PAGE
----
Predictions

Team Judd on paper looks too strong for Team O’Loughlin. Team Judd’s midfield looks too star studded, despite Tim English likely giving Team O’Loughlin first use at the ball. If Team O’Loughlin’s contested midfield brigade can fire, they could give the star studded Judd side a run for their money.

It would be hard to go past Andrew McGrath for BOG honours, but there are multiple players from either side that are capable of changing a game. 


Details:

Team O’Loughlin v Team Judd
1.30pm, Punt Road Oval
September 30th
Live on FOX FOOTY 1.30pm
Tweets: @afldraftcentral


Matt Balmer’s predicted starting line up:

Possible line ups

Top talent on show on AFL Grand Final weekend

MB - Will Brodie

In a new initiative announced by the AFL, the best Under 17 and Under 18 talent will play games on the Grand Final day long weekend under the eyes of recruiters and fans.

The Under 18 All Stars game will be played at Punt Road Oval at 1.30pm, broadcast on Fox Footy on Grand Final Eve (Friday 30th September). The Under 17 game will be played as a curtain-raiser to the AFL Grand Final beginning from 10am with a live stream on AFL.com.au.

For more information on the initiative click here:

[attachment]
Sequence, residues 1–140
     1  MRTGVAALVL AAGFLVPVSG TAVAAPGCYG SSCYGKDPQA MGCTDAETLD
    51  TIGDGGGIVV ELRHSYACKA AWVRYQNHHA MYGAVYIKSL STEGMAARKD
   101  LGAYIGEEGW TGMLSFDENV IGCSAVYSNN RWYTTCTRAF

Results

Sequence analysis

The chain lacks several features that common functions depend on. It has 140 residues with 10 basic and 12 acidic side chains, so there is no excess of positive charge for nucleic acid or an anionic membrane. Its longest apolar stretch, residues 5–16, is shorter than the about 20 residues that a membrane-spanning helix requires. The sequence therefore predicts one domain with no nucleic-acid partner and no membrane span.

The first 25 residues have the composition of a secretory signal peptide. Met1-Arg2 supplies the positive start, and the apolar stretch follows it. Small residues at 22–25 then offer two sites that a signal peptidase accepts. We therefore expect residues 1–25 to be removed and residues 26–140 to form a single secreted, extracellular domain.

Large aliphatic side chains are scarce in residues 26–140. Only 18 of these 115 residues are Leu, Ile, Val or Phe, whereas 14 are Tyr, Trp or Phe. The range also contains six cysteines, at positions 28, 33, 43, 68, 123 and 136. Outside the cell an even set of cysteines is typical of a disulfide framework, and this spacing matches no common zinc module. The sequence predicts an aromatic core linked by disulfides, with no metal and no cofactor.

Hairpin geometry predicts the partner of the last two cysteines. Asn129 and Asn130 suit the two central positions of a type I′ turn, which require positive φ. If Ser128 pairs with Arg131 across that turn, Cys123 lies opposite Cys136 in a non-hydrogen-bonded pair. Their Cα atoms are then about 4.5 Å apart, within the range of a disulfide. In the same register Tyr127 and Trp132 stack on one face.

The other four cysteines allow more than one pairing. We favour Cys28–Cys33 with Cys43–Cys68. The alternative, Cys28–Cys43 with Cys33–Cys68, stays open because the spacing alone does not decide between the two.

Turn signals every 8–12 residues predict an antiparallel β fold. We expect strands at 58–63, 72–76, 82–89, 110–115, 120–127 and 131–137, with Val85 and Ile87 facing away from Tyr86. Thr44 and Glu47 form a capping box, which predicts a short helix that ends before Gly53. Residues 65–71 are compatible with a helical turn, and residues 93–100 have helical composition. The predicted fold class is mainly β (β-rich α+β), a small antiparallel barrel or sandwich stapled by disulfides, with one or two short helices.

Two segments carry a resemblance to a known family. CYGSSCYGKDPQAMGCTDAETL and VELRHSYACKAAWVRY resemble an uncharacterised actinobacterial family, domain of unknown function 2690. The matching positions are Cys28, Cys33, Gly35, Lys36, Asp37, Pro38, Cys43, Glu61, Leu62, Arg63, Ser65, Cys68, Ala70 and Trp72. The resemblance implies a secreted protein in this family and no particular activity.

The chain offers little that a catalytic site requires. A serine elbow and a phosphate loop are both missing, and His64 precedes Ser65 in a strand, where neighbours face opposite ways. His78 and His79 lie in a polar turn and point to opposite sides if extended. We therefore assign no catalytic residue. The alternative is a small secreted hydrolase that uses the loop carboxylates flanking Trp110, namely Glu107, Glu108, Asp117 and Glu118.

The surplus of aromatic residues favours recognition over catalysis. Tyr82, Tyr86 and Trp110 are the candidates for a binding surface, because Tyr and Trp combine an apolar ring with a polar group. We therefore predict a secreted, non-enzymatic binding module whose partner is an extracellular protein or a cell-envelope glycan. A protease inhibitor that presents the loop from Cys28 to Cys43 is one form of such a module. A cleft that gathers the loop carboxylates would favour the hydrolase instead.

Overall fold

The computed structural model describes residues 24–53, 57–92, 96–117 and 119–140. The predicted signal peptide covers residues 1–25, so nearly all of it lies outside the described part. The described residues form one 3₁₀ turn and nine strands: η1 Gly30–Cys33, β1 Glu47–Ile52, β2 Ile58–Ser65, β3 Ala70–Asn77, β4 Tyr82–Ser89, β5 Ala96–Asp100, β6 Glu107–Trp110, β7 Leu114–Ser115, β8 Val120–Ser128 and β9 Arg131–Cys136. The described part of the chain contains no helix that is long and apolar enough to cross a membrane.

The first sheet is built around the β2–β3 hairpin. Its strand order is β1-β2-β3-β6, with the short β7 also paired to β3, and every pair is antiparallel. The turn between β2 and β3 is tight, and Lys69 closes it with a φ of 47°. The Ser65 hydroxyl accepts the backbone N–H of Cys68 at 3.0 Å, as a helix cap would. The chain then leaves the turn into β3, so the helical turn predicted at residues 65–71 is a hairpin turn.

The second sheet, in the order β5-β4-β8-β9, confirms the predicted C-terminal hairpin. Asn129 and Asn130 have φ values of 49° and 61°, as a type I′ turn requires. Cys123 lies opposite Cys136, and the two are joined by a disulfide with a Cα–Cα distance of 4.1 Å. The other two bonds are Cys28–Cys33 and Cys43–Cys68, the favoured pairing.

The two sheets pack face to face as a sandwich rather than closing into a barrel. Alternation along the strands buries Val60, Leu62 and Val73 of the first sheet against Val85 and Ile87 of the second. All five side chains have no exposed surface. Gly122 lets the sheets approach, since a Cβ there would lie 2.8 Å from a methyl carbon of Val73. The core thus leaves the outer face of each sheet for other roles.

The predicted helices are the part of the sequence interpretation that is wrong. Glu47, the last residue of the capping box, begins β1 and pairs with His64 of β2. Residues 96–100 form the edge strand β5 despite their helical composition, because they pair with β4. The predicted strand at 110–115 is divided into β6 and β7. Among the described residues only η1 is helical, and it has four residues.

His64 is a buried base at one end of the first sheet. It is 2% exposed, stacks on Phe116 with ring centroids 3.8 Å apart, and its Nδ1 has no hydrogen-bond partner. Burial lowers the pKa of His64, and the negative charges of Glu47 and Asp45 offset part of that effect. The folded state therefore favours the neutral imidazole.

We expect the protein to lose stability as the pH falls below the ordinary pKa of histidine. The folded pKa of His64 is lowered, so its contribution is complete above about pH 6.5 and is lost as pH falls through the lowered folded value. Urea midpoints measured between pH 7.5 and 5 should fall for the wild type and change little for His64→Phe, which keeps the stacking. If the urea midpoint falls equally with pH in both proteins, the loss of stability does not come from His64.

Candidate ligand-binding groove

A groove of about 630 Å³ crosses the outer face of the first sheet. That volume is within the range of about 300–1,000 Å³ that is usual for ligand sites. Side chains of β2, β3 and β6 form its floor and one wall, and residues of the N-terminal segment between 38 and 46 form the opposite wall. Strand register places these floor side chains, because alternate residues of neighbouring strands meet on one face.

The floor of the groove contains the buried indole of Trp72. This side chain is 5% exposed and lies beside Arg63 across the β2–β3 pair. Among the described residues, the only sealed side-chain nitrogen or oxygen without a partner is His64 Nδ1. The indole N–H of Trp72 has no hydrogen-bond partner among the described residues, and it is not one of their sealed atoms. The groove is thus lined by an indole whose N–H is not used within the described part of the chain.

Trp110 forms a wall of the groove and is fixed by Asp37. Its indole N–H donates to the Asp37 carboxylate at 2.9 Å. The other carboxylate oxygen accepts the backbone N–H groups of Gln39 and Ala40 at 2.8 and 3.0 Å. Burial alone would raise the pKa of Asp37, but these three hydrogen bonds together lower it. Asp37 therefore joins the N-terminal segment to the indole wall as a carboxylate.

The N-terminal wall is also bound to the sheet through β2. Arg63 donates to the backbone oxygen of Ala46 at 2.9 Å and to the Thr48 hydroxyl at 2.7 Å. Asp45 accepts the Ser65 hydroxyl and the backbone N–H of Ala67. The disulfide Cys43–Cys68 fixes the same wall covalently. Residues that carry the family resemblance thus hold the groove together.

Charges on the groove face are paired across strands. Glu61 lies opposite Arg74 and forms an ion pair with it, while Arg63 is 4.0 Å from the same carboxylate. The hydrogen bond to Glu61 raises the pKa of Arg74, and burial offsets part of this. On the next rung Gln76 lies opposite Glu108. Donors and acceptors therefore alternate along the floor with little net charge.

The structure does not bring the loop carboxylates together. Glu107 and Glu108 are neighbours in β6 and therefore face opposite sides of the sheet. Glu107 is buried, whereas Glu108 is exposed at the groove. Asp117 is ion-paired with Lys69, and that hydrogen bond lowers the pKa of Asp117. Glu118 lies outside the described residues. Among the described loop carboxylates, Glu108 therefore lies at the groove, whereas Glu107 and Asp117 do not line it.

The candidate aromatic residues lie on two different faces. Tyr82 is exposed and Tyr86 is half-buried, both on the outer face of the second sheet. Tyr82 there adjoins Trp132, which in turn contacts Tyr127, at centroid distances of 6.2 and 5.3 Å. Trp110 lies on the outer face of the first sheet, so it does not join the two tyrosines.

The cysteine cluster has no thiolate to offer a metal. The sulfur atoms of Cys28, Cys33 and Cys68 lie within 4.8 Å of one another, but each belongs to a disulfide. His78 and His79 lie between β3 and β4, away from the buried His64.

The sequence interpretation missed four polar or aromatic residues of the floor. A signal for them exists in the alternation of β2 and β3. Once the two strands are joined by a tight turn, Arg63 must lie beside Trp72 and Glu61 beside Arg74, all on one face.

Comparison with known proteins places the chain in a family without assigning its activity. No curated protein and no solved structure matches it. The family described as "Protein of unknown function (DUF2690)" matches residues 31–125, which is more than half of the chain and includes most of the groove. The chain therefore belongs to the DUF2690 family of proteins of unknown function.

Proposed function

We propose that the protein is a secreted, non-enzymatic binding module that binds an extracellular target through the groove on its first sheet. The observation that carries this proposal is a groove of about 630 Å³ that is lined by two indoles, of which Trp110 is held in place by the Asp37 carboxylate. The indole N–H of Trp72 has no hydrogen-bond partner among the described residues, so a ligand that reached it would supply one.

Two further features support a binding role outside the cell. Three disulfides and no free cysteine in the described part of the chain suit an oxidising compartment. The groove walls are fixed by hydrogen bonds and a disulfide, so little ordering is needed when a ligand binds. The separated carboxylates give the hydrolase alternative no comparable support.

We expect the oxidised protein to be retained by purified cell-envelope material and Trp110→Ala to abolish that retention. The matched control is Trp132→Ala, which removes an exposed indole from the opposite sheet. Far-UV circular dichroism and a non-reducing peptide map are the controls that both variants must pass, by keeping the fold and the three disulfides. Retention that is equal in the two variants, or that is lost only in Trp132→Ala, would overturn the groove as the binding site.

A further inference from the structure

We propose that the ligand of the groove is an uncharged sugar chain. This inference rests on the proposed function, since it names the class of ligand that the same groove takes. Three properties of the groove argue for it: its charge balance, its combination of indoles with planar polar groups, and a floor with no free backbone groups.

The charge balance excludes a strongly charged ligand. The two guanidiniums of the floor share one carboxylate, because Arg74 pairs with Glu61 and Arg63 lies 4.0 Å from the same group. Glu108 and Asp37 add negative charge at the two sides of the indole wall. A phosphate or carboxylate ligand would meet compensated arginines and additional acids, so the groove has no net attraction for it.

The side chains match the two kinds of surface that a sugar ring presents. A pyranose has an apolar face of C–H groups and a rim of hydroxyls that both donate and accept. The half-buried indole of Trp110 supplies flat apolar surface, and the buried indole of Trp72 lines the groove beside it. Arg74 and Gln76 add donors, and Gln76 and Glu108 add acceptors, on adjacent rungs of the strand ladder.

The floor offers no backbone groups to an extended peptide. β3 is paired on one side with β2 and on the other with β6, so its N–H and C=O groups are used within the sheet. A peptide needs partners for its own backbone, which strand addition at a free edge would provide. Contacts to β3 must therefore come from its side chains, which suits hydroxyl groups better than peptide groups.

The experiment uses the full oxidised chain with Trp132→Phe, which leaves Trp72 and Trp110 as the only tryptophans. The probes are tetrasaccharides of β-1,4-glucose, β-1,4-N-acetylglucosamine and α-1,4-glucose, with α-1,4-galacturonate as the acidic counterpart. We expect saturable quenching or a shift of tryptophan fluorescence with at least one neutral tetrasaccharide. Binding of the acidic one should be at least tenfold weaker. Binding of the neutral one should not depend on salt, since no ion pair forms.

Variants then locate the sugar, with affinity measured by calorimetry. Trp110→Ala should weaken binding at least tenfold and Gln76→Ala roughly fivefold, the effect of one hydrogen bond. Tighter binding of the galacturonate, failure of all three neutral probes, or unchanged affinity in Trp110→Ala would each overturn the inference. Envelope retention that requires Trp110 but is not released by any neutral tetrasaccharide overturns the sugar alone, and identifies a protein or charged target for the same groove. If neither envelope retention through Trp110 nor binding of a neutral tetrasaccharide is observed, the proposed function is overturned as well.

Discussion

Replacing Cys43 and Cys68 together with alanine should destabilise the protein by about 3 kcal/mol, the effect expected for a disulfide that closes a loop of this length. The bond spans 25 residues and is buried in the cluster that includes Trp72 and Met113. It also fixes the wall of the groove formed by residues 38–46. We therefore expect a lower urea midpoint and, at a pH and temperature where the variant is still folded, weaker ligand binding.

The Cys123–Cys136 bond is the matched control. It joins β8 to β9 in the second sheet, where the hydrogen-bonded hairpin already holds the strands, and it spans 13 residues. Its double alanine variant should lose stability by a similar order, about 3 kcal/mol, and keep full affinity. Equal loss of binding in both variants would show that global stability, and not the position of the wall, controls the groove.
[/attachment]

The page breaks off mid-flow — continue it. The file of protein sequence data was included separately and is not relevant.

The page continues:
Under 18 squad:

Under 18 squad ALL STARS

Under 17 squad:

Under 17 squad

Scouting notes: TAC Cup Semi-Finals

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Sunday’s TAC Cup Semi-Final scouting notes:


Sandringham Dragons 13.13 (91) defeated Dandenong Stingrays 4.6 (30)

Matt Balmer’s scouting notes

Dandenong Stingrays:

#10 Myles Poholke– Spent a fair chunk of the first quarter on the bench, but found plenty of the ball post his time on the pine. He finished with 22 disposals and three clearances, picking the ball up cleanly off the ground throughout the day. Could hold his head up high.

#13 Tom Jok– Picked up an injury and wasn’t sighted after half-time. Can fumble with ball in hand at times and is probably unlikely to be picked in the draft at this stage. Left the game on crutches.

#15 Sam Fowler– Was the big inclusion for the Stingrays but was kept quiet for most the afternoon with just five disposals. His best passage came from him taking three bounces down the wing before taking it inside 50.

#17 Josh Battle– Just the two goals for Battle after nailing six last weekend. Was well held by Ari Sakeson but kicked through well off his right foot when shooting for goal.

Sandringham Dragons:

#4 Will Setterfield– Backed up last weekends effort with 22 disposals and nine tackles. His attack on the ball was great and drilled the ball inside 50 on multiple occasions. His work in close is very strong and he’s a big chance to earn a bid (GWS academy) in mid first round of the draft.

#5 Andrew McGrath– McGrath spent more time on the inside than last weekend and collected 27 disposals and six clearances. The Stingrays tried to rough him up early, but it didn’t work and McGrath let the play do the talking. Hit most of his targets at short range and looked sideways & backwards at stages to find a loose Dragon.